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Read the top swimming stories for the week of Oct. 10-16 in our midweek links.
Ryan Lochte and Missy Franklin each won two golds on Wednesday night at the 2013 U.S. Nationals and World Trials.
Good Counsel senior Jack Conger is aiming to break two elusive records in his final Washington Metro Interscholastic Swimming & Diving Championship meet.
Ryan Lochte and Team USA off to a fast start at the 2012 Short-course World Championships in Istanbul.
Michael Phelps’ longtime coach, Bob Bowman, plans to step down from coaching.
Check out this week’s picture of the week coming from the 2012 MCSL All Star meet.
Phelps attempts to make the 200-meter butterfly in his fourth straight Olympics on Day Four at the 2012 U.S. Olympic Swimming Trials.
The government has issued new rules about how employers must treat foreign student workers, but some argue that companies are passing over qualified Americans because foreigners cost less.
California clinched their first consecutive NCAA men’s swimming and diving championship in the school history after finishing 1-2 in the 200 butterfly on Saturday night.
Joe Pascale recently made his first Olympic Trials cut in the 50 meter freestyle. He attributes his recent success in the water to a swimming regimen supplemented with mixed martial arts.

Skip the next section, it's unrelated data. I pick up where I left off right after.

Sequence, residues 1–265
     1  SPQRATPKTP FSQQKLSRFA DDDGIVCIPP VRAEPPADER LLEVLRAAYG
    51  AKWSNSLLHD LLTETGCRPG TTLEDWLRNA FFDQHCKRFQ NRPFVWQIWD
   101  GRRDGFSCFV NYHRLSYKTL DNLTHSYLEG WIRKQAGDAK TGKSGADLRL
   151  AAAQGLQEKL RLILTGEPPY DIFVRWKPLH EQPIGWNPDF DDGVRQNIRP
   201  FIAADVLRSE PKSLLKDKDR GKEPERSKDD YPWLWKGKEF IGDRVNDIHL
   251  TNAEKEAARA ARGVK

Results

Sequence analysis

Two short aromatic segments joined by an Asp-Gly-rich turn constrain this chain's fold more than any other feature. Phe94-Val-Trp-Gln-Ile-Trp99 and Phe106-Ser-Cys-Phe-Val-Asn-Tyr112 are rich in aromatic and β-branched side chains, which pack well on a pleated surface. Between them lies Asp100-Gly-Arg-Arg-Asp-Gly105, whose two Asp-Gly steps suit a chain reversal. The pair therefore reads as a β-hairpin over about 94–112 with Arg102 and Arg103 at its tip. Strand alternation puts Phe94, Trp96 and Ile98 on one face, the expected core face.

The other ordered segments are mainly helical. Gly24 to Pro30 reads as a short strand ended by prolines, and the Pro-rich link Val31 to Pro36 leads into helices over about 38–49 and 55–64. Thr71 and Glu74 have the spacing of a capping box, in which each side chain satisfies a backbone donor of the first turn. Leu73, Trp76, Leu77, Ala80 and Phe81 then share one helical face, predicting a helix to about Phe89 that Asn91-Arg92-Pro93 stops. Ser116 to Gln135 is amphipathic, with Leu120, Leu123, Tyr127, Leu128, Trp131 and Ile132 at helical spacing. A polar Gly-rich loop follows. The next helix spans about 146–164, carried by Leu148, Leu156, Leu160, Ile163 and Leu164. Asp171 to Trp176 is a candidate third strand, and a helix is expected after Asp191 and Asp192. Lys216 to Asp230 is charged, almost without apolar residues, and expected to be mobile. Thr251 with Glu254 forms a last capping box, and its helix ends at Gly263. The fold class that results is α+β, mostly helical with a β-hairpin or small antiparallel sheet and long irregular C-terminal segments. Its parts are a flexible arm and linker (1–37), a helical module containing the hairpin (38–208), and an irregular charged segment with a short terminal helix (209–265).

Nobody in the area swims the 50 breaststroke faster than Langley’s Chuck Katis. Sprints like that race require a unique approach. Katis explains how that differs from longer races.
Bart Forsyth of Arlington was a runner first. He took up the sport in law school, running several road races before taking up marathons. Then, while recovering from a running injury, he became an avid cyclist. And before long, he was thinking about triathlons. The catch? He had no swimming experience at all.
Fourteen-time Olympic gold medalist Michael Phelps gave 40 middle school students from Baltimore a swimming lesson Wednesday.
A local swimming coach was suspended indefinitely by his club team in Manassas on Tuesday, a day after he was accused in a civil lawsuit filed in Missouri of sexually abusing a high school senior when he coached there in 2006-07. Occoquan Swimming’s board president Brad Hughes wrote in an e-mail to parents that Robert Mirande, who had been coaching the club’s elite high school swimmers since last summer, would not participate in any coaching activities “pending conclusion of ongoing investigations.”
For the second time since December, 14-time Olympic gold medallist Michael Phelps is scheduled to swim in a local club meet — this time entering the Maryland Swimming Championship this weekend at Lejeune Hall at the U.S Naval Academy in Annapolis. Phelps, who previously swam in North Baltimore Aquatic Club’s “Christmas Meet” in December, will swim in four events at the meet, which begins on Thursday and runs through Sunday.
The 24th annual Black History Invitational Swim Meet was held this weekend at the Tacoma Community Center in Washington D.C., hosting more than 350 athletes from around the country. Founded in 1987 by the D.C. Department of Parks and Recreation and The United Black Fund, Inc., in honor of Black History Month, the meet has been called the “premier minority swim competition in the United States and in the world,” by USA Swimming, according to the meet’s website.
The Warriors are the front-runners in Division II and look to remain unbeaten Saturday against Poolesville.